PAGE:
Quelques Fleurs

Edinburgh: Brunton Theatre, until Sat 25 Mar H: it With children, childbirth and childlessness recurring again and again in Liz Lochhead’s work, we might say that she's big on the issue issue. This programme, comprising a revival of her 1991 one-act play set in its own time and a second, shorter piece located in the aftermath of the Great War turns and turns-about childbirth once more. The first piece sees a woman slipping into an isolated middle age, left alone for long periods by her oil worker husband, and compensating with jealous gossip about her friends, neighbours and particularly, her abundantly fecund wee sister, who's up five-nil on the childbearing front, with another on the way as the play progresses. Her other crutch is her affluence, and the sad compulsive consumerism of the middling middle classes is satirised to good effect here. Her monologues are intercut with her husband's, as we see him on the intercity, en route to his Glasgow home, moving from clumsy drunken

Lager than life: Stewart Porter

flirtations to sullen confessions with the passengers opposite. A succession of subtly deployed symbols are used to denote the journey taken by both of them, as the narrative moves, much like a Mike Leigh comedy, from observant satire to something much darker.

The second play moves from consumerism to consumption, as the death by T8 of young Agnes’s man leaves her alone with a child to bring up. Her former lover, Rab, the brother of the boy's father, returns from the war having been given up for dead, and the play explores the possibilities of a delicate reconciliation between the two.

There are nice performances from Gayanne Potter and Stewart Porter as the troubled couples of each play, and Lochhead’s scripts juxtapose the symbolism invested in everyday objects with real craft. Though there are some longueurs in the first play, which one suspects led inevitably to a slight lack of development in the second, this amounts to a thoughtful and often moving night of theatre.

(Steve Cramer)


Touring it as '2‘: far

‘a a.‘ "7K 7.,

Smouldering issues: John Buick

Dundee Rep’s production of Arthur Miller’s award-Winning melodrama is, in a word, flawless. From the outset, everything about this play oozes quality. From the beautifully intricate set design and costumes, recreating perfectly a picket-fenced middle- American suburbia, to the intensely emotional performances, it’s hard to imagine a more skilful adaptation.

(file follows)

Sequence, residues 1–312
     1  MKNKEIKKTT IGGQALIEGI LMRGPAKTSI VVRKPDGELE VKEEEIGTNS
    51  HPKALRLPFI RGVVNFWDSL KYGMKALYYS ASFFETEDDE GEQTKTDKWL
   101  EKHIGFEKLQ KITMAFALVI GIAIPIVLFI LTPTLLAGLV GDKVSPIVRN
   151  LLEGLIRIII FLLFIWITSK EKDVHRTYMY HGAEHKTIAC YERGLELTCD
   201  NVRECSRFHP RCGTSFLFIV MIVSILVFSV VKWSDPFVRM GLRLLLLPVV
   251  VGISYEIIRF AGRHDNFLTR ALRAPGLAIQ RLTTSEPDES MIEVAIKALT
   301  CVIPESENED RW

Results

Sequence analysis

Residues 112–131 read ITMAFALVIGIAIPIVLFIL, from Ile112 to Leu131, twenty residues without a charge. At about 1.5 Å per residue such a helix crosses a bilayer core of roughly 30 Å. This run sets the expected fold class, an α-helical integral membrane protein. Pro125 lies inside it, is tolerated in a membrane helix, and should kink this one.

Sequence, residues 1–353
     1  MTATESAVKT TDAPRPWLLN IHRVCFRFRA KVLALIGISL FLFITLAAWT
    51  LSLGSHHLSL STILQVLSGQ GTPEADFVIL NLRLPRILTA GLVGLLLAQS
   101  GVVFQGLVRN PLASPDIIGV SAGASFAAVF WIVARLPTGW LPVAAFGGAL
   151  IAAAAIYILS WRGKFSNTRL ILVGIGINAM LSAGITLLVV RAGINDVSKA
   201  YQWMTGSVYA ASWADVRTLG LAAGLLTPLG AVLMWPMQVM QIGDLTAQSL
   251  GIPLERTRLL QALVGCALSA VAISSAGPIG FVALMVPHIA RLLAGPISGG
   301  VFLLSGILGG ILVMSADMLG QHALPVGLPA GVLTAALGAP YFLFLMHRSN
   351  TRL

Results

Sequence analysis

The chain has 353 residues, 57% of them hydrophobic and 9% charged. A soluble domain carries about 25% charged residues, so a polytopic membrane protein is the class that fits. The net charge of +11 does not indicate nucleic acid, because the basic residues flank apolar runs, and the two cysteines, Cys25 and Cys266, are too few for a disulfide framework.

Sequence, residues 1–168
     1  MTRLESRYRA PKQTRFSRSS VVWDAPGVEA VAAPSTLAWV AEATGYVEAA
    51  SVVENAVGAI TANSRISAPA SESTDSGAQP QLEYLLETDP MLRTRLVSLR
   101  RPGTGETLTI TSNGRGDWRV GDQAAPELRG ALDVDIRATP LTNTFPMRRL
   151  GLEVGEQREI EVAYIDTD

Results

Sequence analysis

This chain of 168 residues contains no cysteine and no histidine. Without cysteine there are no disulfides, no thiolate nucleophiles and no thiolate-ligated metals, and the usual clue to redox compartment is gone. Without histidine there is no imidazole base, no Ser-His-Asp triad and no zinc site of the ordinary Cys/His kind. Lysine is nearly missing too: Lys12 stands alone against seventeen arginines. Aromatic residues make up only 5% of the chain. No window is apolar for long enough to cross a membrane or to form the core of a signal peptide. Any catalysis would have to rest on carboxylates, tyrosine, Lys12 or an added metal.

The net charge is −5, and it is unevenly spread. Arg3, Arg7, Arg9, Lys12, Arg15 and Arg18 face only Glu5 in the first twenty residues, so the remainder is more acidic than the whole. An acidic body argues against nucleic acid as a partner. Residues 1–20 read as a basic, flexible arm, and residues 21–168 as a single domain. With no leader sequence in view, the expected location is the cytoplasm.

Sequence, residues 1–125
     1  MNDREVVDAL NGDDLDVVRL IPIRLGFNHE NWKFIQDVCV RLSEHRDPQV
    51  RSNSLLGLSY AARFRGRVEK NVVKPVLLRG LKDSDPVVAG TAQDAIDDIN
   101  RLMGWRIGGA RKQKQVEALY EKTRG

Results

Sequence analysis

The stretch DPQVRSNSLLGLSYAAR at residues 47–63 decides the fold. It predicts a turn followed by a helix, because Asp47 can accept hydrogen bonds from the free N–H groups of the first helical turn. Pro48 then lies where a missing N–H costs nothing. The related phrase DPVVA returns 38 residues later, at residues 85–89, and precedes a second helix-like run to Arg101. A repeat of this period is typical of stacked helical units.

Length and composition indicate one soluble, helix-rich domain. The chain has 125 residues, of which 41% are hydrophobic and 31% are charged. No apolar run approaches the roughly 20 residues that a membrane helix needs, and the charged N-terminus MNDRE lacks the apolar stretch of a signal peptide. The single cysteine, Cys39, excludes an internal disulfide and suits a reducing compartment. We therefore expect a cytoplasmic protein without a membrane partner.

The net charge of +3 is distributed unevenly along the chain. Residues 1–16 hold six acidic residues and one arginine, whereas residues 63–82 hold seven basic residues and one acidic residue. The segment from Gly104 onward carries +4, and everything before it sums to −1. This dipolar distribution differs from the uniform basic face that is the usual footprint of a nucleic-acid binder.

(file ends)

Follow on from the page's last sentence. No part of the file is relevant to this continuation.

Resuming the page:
Generally considered, along with the Pulitzer prize-winning Death of A Salesman, to be one of Miller’s most accomplished works, All My Sons is a cynical examination of the fragility of post-war family values and the dilemma of familial responsibility. The plot centres on wise-cracking businessman Joe Keller (John Buick), an aircraft manufacturer who is involved in an error of judgement with tragic consequences. The impact this has upon his family and neighbours and the repressive instincts of the close-knit community create a complex web of emotion which demands a combination of subtle interaction and energetic execution from the performers. This is a play about betrayal and guilt, in which an apparently wholesome family environment masks a plethora of secrets and frustrations.

The acting IS first rate, becoming increasingly dynamic as the play progresses, thanks to the versatility of Richard Baron's experienced and talented all-round cast. In particular, Burck's soulful portrayal of a despair- driven Joe must represent one of the finest performances of the year. This kind of production does, admittedly, have an advantage in the high quality of the original text, but even viewed purely as an exercise in theatre, this really is as good as it gets.

(Olly Lassman)

98 Ingram Street, Glasgow

entus ntno BLLBBUBM BNO]

Show me the way to

the next whisky bar

Italy at the Ramshornl

24 & 25 March ad IL MAESTRO

The Italian Cultural Institute presents the Sabba Association of Pescara. A rare opportunity to see Luigi Antonelli's Italian Theatre of the Grotesque homage to the actor & theatre. Performed in Italian.

April 6 - 15 Pirandello's

Six Characters in Search of an Author A great and neglected classic of the 20th century. Performed in English

Tickets Mon/Tue £5/1.50 Wed/Sat 27/3 Book Brecht Cabaret & II Maestro direct from Ramshorn Theatre 0l4l - 552 3489

Advance Booking 6 Characters Ticket Centre 0141 - 287 5511



R0 3.5

mt «mm cnmL '

i n by Dion Boucicault

10 March - 1 April (Tuesday Saturday)


Tickets: £7 - £16 0131 248 4848


16—30 Mar 2000 THE UST 63